The American Friends Service Committee (AFSC) was organized in 1917 by Friends who were deeply concerned for the spiritual values endangered by the World War. Young Friends and others desirous of making a constructive, nonmilitary contribution to the world through relief and reconstruction activities in devastated war areas offered their services to the committee. Among the 600 men and women who were engaged in this kind of activity in France during and after World War I were a considerable number of Mennonites, who either were released from military service for this activity or volunteered directly for it.
Mennonite relief work in Spain, 1937-1940, under the Mennonite Relief Committee (Elkhart), and in France 1939-1941 under the Mennonite Central Committee, was carried on through the good offices and administrative channels of the AFSC who gave the workers technical AFSC appointments and handled all shipping of goods and supplies as well as the transfer of funds.
Between the two wars, Mennonite cooperation with the Friends was continued through meetings of the Conference of Pacifist Churches and later through the sessions of the Conference of Historic Peace Churches. With the coming of the military draft in the United States preceding World War II, the American Friends Service Committee, the Brethren Service Committee, and the Mennonite Central Committee assumed the leadership in organizing the National Service Board for Religious Objectors (NSBRO). Although later the Friends withdrew from active support of the NSBRO, cooperation between the Mennonites and the AFSC, particularly in matters pertaining to the draft of conscientious objectors and the planning of relief projects, continued. In 1947 the American Friends Service Committee, along with Friends Service Council of London, received the Nobel Peace Prize for their work among refugees during World War II.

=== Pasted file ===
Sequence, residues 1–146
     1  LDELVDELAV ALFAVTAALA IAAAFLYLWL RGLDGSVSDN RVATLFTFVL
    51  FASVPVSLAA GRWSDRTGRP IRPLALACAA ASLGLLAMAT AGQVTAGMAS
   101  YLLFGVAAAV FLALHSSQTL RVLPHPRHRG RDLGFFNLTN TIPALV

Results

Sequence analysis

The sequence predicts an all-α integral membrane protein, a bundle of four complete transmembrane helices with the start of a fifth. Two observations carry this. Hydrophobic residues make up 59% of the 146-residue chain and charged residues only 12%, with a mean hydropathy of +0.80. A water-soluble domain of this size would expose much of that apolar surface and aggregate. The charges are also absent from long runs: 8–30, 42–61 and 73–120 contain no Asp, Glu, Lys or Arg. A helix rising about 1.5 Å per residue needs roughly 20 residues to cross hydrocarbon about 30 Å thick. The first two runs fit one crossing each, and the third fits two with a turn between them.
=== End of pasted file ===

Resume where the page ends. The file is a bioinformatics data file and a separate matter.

Although the AFSC and Mennonite Central Committee (MCC) no longer share the close working relationship of earlier years, when working in areas of international conflict, the organizations still tend to cooperate. During the Nigerian Civil War AFSC and MCC jointly administered a project in Biafra (1969-1971). Field staff of both organizations have assisted each other in logistics and planning in postwar Indochina (Vietnam, Cambodia, and Laos) and the war-torn Horn of Africa (Ethiopia, Somalia) during the 1970s and 1980s. CDH
Twenty-Five Years Under the Red and Black Star. Philadelphia, PA, 1942.
Gingerich, Melvin. Service for Peace. Akron, PA: Mennonite Central Committee, 1949.
Hershberger, Guy F. The Mennonite Church in the Second World War. Scottdale, PA, 1951.
Pickett, Clarence E. For More Than Bread. Boston: Little, Brown, 1953.
Forbes, John. The Quaker Star under Seven Flags, 1917-27. Philadelphia: U. of Pennsylvania Press, 1962.
Weisbord, Marvin R. Some Form of Peace. New York: Viking, 1971.
Jonas, Gerald. On Doing Good. New York: Scribner's, 1971.
Yarrow, C. H. Mike. Quaker Experiences in International Conciliation. New Haven: Yale U. Press, 1978.
|C. Douglas Hostetter|
Cite This Article
Gingerich, Melvin and C. Douglas Hostetter. "American Friends Service Committee." Global Anabaptist Mennonite Encyclopedia Online. 1987. Web. 29 Nov 2015. http://gameo.org/index.php?title=American_Friends_Service_Committee&oldid=122442.
Gingerich, Melvin and C. Douglas Hostetter. (1987). American Friends Service Committee. Global Anabaptist Mennonite Encyclopedia Online. Retrieved 29 November 2015, from http://gameo.org/index.php?title=American_Friends_Service_Committee&oldid=122442.
Herald Press website.
©1996-2015 by the Global Anabaptist Mennonite Encyclopedia Online. All rights reserved.